TOKYO -- The stunning growth of Uber Technologies owes much to the global rise of the "sharing economy." But while the U.S. ride-hailing company is thriving in many countries, it is having difficulty gaining traction in Japan.
There's a good reason for that: The use of private cars for paid transportation services -- Uber's bread and butter -- is prohibited in Japan except for areas with little public transport infrastructure. Japan is known for being slow to embrace innovative but unfamiliar services from abroad. But Uber is working with local authorities to achieve a breakthrough. That happened on a small scale in May, when the company began offering its ride-hailing service in a limited area of Kyoto Prefecture, in western Japan.
Masami Takahashi, president of the Tokyo-based Uber Japan, recently spoke with The Nikkei about his goal of taking the business nationwide.
Q: Uber is becoming more recognized in Japan. What changes have you seen?
A: About two years ago, people here hardly knew about us. But they suddenly began talking about the "sharing economy" about a year ago. Our strength is having a basic ride-hailing scheme that could be applied anywhere in the world. This has allowed Uber to expand into 70 countries and territories so quickly, especially in the past several years.
Q: How are things going in Japan?
A: In Tokyo, we have a ride-hailing service together with taxi companies. We have managed to shorten the average time needed to pick up passengers to about six minutes in Tokyo's 23 wards. There should be a certain level of demand here, and we will work on enhancing the service to satisfy the demand.
Q: Uber's specialty is using private cars for ride-hailing services, but opportunities in that area are limited in Japan. How do you plan to expand the service here?
A: We have two immediate goals. First, we aim to provide a solution for the country's rapidly aging society, particularly in places like rural areas with only limited public transportation. To achieve this, our scheme has to be approved as a special case under the current laws and regulations in Japan.
Second, as Tokyo prepares to host the 2020 Olympics, we want to leverage our global recognition to be the choice for foreign travelers for moving around the city. We're not simply replacing taxis but providing an innovative means of transportation.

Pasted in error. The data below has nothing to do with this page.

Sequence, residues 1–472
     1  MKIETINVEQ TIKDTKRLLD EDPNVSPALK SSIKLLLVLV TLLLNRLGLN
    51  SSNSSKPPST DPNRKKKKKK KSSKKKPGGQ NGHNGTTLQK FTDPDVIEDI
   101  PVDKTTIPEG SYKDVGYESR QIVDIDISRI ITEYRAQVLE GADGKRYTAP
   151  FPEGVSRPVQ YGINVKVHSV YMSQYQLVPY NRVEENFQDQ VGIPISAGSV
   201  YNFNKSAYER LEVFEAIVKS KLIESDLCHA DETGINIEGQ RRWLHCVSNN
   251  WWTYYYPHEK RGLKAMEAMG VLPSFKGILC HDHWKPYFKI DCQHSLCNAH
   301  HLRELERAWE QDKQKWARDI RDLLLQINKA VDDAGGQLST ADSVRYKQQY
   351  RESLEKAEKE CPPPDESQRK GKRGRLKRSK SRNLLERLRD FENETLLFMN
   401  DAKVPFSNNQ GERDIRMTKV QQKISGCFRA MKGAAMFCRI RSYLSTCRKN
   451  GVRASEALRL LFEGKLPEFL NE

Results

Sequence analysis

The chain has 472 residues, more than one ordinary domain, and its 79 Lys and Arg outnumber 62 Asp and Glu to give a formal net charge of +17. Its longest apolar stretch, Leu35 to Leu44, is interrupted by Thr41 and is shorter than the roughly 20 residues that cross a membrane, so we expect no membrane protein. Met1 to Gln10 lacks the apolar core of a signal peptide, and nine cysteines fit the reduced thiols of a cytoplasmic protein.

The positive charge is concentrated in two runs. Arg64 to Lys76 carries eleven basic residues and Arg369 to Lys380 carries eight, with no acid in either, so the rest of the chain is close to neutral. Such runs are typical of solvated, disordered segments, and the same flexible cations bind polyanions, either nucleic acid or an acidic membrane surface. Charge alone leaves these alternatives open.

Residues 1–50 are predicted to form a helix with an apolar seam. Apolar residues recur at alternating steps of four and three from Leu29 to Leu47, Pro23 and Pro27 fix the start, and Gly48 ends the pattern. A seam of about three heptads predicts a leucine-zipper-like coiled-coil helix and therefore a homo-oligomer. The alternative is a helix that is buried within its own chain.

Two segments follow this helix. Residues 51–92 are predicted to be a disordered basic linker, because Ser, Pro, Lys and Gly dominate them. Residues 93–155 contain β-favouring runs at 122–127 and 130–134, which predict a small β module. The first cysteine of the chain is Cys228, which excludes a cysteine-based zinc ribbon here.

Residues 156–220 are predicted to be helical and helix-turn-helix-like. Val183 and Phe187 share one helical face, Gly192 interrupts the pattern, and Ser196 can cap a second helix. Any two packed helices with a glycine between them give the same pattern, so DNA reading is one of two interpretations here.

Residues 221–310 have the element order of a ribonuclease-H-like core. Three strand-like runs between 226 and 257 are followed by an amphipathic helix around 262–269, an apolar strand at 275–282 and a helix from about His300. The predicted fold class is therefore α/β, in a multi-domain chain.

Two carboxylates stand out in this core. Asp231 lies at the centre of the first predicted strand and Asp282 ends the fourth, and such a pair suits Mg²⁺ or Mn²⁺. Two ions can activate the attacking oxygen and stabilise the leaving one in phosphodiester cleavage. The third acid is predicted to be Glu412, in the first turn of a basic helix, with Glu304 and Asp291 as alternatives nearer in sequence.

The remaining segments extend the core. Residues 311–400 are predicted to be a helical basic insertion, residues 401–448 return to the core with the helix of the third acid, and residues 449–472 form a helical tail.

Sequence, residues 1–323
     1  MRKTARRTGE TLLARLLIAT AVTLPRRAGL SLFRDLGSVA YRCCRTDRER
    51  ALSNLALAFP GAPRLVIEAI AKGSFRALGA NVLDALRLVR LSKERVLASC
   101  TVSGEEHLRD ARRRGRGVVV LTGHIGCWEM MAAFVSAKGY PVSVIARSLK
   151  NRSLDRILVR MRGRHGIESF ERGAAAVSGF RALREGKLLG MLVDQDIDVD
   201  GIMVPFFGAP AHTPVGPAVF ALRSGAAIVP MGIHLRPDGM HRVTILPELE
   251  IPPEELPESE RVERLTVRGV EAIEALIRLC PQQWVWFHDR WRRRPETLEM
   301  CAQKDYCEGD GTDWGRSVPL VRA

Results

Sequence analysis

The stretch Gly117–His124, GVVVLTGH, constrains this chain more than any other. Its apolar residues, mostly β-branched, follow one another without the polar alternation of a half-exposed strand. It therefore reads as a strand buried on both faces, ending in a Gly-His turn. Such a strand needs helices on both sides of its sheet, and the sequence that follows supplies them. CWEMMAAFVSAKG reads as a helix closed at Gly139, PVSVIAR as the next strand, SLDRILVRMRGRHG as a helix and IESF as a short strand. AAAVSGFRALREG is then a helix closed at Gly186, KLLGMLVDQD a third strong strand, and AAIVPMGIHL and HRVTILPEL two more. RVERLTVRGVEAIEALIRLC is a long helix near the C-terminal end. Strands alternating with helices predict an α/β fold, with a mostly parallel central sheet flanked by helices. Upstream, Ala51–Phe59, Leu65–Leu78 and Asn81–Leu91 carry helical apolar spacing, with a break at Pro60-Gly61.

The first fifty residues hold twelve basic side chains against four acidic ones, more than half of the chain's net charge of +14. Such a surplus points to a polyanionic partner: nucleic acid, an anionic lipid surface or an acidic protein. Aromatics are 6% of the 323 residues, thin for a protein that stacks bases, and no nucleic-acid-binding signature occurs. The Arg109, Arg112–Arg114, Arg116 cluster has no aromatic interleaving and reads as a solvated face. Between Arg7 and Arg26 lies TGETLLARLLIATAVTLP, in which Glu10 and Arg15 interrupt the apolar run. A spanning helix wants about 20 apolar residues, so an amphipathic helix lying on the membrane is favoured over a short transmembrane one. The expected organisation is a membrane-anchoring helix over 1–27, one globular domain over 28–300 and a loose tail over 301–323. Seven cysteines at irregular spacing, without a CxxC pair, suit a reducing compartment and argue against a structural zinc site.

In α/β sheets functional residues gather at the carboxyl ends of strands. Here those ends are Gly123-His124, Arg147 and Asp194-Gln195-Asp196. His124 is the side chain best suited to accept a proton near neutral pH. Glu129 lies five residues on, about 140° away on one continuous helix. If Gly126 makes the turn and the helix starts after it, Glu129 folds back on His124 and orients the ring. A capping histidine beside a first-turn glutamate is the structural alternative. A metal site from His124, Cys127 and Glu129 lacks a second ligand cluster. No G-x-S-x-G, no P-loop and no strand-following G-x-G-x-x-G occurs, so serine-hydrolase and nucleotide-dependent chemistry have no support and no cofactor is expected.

Q: Uber has dealt with many obstacles unique to Japan. You had to cancel a pilot operation in one city due to orders from the authorities and opposition from the taxi industry. How will you cope with such challenges?
A: Our service is not so well-known in Japan, so we are focusing on gaining understanding by patiently communicating our objectives and methods. Abiding by local rules is essential, but we will seek a compromise through constructive deliberations and discussions.
In the city of Kyotango, in Kyoto, we began trial operations for a ride-hailing service in partnership with a nonprofit organization. Our side is providing the ride-hailing platform. The service was approved in a meeting involving many local stakeholders.
As Uber becomes more recognized here, we are receiving an increasing number of inquiries from local governments looking to improve access to their rural areas. We will try to start the service anywhere it is possible. I hope as many customers as possible try our service and realize that there is nothing complicated about it.
Q: How much responsibility does the service operator bear in this kind of business?
A: Background checks of drivers are one of the key responsibilities of the operators. In the case of Kyotango, we developed a special type of insurance to cover the liabilities of the nonprofit organization. We will also enhance the safety of the service through technology. For example, our platform can show the records of every ride. We can use that data to improve the service.
Q: How do you feel about the capital and business alliance that Uber and Toyota Motor announced recently?
A: It is a genuine honor to join hands with the world's top automaker. I hope the partnership will be an opportunity to promote Japanese technology more on the global stage.
Interviewed by Nikkei staff writer Sayuri Kodama